May 19, 1980 12:00 PM

The Odd Couple and Quincy are his well-known successes, but according to Jack Klugman his best show ever ran behind win and place in the Kentucky Derby May 3. Jaklin Klugman, whom the actor co-owns with landscape architect John Dominguez, was pulling away from the heavy favorites at 6 to 1. It nearly turned Klugman’s box into a set for Emergency. “I got so excited I started to hyperventilate,” says the 58-year-old divorcé, who meanwhile was kneading the frail shoulders of his date to the Derby, Barbara Neaugass. “I really thought we had it won.” That they didn’t distracted him only for a moment from being “happy as a pig in you-know-what. Third in the Derby! It’s in the record books forever! If this is a dream, I hope it never ends.”

Familiar (and beloved) at pari-mutuel windows from coast to coast, Klugman has won and lost a small fortune on horse races; yet he declined to bet on Jaklin. “I’m the world’s worst handicap-per,” he confesses. “I bet on ’em, they lose.” Klugman met his partner in 1962 while temporarily tapped out one day at Santa Anita. Dominguez sympathetically offered him a $50 loan for a final fling. For the past 10 years the two men have owned also-rans, but with the success of Jaklin (named when a stableboy mistook him for a filly) they are once again nourishing high hopes. Co-owners of 10 other horses, they plan to open a 20-acre horse farm outside San Diego—and next month will introduce Jaklin’s brother, Jack’s Promise, at Hollywood Park. Klugman jokes that Jaklin’s Derby finish disproves the Kentucky purist belief in “spending millions to raise a good horse. We got an $800 mare, a $500 stud and here we are.”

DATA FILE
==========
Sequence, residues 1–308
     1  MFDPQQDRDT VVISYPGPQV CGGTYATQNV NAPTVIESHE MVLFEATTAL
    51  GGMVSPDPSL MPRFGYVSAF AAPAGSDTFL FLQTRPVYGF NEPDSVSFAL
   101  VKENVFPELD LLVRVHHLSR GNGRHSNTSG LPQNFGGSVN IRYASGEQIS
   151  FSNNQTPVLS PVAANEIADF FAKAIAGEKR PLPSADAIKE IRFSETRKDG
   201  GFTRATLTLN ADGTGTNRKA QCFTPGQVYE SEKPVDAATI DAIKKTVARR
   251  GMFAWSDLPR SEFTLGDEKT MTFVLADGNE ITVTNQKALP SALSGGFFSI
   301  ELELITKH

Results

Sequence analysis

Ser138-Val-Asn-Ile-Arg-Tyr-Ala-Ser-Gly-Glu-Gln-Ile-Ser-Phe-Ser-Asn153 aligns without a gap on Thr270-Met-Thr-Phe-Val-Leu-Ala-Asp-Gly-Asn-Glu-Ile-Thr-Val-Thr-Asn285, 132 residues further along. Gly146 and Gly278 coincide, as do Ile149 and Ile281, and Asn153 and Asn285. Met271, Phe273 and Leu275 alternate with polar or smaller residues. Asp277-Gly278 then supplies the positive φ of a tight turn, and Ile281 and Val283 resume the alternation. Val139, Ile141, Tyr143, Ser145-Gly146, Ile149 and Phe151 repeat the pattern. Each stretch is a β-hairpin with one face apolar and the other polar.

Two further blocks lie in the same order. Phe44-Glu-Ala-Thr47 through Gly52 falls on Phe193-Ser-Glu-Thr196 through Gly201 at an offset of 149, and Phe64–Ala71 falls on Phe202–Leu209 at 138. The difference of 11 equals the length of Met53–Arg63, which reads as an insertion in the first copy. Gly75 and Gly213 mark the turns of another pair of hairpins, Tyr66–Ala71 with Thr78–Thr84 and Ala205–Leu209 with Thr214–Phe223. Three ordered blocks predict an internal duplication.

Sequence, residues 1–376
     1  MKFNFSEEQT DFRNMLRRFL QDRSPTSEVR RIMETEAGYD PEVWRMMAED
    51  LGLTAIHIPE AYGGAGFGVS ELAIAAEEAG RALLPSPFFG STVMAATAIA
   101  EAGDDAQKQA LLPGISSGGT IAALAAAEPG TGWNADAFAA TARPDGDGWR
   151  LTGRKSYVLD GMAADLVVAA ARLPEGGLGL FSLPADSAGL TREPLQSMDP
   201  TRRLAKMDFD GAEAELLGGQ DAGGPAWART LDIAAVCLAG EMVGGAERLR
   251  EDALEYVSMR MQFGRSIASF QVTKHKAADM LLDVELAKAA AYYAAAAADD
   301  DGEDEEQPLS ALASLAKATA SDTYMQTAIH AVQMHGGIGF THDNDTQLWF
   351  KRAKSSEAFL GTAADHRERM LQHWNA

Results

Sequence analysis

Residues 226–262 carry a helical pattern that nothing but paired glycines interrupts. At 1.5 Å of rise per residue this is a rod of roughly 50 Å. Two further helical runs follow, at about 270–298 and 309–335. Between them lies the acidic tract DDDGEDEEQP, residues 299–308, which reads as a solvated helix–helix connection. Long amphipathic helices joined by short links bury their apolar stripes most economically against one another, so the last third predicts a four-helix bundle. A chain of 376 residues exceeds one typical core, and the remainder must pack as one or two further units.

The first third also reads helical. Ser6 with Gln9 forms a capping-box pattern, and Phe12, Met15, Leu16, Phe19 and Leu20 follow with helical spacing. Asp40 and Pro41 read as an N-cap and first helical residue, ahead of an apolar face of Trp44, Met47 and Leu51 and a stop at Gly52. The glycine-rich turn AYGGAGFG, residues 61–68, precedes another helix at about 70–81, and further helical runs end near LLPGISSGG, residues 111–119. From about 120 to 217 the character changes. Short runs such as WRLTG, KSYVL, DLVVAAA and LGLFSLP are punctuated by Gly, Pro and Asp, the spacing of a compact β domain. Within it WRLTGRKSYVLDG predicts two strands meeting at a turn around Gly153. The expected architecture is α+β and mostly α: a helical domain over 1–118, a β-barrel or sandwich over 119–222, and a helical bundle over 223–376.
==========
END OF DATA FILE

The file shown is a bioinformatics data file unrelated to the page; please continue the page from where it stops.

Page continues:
Jaklin is scheduled to run in the Preakness next weekend and perhaps the Belmont June 7. After that Klugman must return to Hollywood to begin shooting next fall’s Quincy episodes. He dreads going back. “This horse made me realize that all I was doing was working,” he said after the race. It is clearly not a mistake he will make again. “This was two years of thrills,” he adds, “compressed into the greatest two minutes of my life.”

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